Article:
Warcraft Adventures was so long in development while Blizzard tried to craft its puzzles and narrative together to their satisfaction, that LucasArts took the lead in the adventure game genre by moving it into 3D with Grim Fandango. Because Warcraft Adventures might have felt dated after this, Blizzard pulled the plug even with so much work put in, and just like that other, canceled Blizzard game, all that survived of Warcraft Adventures was a novel titled Warcraft: Lord of the Clans.
Irrational Games has been treating us to a bevy of their canceled games lately, but the one that we should maybe pay the most attention to was the zombie first person shooter called Division 9. According to Irrational Games Creative Director Ken Levine, Division 9 was going to involve groups of survivors heading forth from their secured locations to find supplies, ammo, and even other people. Those secured locations would be made more powerful as players brought back doctors or engineers to help out, and the tide of zombies would never end. Unfortunately, Division 9 was being developed around the time that Irrational was purchased by Take-Two, which caused the project to be shelved.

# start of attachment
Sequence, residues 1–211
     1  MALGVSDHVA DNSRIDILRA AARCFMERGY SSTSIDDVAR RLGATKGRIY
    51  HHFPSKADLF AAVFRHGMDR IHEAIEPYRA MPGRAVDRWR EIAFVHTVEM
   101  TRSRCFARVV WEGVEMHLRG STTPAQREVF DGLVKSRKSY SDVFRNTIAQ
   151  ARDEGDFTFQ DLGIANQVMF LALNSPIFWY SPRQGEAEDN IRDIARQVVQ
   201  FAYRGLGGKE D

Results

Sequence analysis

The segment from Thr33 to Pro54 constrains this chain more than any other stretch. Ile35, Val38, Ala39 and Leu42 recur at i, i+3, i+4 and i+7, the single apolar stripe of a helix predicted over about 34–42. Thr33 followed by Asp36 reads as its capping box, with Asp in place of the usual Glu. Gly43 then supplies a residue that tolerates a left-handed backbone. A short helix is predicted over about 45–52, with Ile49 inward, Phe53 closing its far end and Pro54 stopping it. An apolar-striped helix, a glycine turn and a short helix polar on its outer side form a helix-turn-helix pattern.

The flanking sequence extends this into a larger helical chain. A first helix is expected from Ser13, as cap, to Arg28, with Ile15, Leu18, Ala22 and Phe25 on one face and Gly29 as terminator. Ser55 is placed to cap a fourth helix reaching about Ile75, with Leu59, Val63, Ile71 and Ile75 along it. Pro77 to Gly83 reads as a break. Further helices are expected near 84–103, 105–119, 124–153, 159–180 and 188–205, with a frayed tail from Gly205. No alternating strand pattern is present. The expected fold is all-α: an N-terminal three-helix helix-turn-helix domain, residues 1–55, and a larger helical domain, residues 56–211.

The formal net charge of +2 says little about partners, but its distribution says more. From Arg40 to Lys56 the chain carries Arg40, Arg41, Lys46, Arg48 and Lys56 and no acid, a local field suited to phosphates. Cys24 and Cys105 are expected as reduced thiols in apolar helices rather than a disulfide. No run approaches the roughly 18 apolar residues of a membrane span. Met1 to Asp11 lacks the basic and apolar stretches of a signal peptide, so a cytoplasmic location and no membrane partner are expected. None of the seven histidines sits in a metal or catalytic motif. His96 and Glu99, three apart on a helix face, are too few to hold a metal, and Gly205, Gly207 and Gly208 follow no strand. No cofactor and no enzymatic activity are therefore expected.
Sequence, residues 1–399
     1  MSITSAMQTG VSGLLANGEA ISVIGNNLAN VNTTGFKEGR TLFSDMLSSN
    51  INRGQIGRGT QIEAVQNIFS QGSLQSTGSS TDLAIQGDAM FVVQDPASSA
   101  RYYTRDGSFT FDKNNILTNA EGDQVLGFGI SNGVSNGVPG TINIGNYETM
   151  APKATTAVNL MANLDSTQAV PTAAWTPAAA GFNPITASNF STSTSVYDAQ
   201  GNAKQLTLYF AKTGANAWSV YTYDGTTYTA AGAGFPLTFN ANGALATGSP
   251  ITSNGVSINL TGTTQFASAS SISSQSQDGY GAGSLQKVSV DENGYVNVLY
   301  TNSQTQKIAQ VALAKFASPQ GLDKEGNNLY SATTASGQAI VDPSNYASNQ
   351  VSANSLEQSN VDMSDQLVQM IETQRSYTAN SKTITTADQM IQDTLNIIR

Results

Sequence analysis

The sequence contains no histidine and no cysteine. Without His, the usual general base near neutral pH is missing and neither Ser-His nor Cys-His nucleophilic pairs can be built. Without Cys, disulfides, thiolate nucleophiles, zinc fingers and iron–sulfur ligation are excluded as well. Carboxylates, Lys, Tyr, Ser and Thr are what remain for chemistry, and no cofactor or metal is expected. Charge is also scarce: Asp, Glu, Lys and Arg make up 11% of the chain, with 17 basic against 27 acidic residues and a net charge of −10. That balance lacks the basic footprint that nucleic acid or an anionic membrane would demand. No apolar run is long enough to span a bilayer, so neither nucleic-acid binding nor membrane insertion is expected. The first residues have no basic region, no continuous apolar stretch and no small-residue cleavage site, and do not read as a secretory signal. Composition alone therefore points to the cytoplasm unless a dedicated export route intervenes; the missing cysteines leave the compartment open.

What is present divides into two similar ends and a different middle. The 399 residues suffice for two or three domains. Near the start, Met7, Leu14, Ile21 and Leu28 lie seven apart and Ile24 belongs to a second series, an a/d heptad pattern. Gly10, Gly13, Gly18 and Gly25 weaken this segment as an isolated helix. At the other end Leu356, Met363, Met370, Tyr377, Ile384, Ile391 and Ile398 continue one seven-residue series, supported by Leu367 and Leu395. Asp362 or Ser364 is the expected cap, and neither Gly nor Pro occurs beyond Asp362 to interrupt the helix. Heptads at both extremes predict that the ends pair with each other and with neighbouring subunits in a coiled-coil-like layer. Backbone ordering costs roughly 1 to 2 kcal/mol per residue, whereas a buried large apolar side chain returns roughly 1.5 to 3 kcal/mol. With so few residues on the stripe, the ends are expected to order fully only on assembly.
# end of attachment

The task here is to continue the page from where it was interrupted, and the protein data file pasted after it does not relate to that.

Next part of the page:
If there’s anything that can make a Nintendo Wii owner fume, it’s the lack of “hardcore” titles. Project H.A.M.M.E.R. was a beat-‘em-up game that involved stomping around with an armored hero who carried a huge hammer that he used to, well, bash things. Project H.A.M.M.E.R. seemed on the right track per mixing the unique Wii motion functionality with core yet accessible gameplay, yet no concrete reason was given for its cancellation.
Sega Dreamcast Version of Half-Life